(London: Smith, Elder and Co., 1844). 200 x 124 mm. (7 7/8 x 4 7/8"). Two volumes. FIRST EDITION.
Very attractive contemporary cadet blue three-quarter morocco over pale blue watered silk, raised bands, spines handsomely gilt in compartments with floral sprig centerpiece and volute cornerpieces, marbled endpapers, top edges gilt. With 10 engraved portraits. Top inch of silk on one board faded by sun, one plate with closed one-inch fore-edge tear (not affecting image), other minor internal imperfections, but A VERY PRETTY SET, especially fresh and clean inside and out, and with bindings that are remarkably bright.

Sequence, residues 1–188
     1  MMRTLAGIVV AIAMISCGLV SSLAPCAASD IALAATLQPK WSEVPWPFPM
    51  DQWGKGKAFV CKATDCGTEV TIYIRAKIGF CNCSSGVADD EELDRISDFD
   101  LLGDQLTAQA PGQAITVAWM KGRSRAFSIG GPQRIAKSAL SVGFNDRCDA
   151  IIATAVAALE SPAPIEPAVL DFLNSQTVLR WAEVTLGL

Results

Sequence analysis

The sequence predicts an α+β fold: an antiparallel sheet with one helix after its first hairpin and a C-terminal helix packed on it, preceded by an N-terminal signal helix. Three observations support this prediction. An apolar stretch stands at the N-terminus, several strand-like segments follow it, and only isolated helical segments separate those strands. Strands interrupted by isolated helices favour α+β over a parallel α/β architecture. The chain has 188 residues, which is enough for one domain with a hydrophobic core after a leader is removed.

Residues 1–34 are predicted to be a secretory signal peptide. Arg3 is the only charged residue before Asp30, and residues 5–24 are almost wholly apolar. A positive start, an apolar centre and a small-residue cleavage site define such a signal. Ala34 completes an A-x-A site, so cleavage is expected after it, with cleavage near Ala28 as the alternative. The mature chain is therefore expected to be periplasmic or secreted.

Poet Richard Hengist Horne (1802-84) patterned this collection of critical essays about contemporary writers after the acclaimed collection of essays "Spirit of the Age; or Contemporary Portraits," published by his idol William Hazlitt in 1825. Among the writers included in the work were Dickens, the Brownings (Mrs. Browning is given credit for contributing at least one of the chapters), Mrs. Shelley, Wordsworth, Mrs. Trollope, Tennyson, and Hunt (there are 25 essays in all in the work, some of them dealing with more than one figure). Few were pleased by what they read; according to DNB, the book "elicited a deluge of abuse from its victims, and Horne, naïvely surprised, decamped hastily on a tour of Germany." Dickens, however, was either more forgiving or more flattered, and subsequently employed Horne as a reporter for the "Daily News," for which he covered the Irish famine in 1846, and later as a sub-editor of "Household Words." In any case, the work provides a useful survey of the period's literary scene, and our copy is in uncommonly handsome bindings. (ST11462a-098)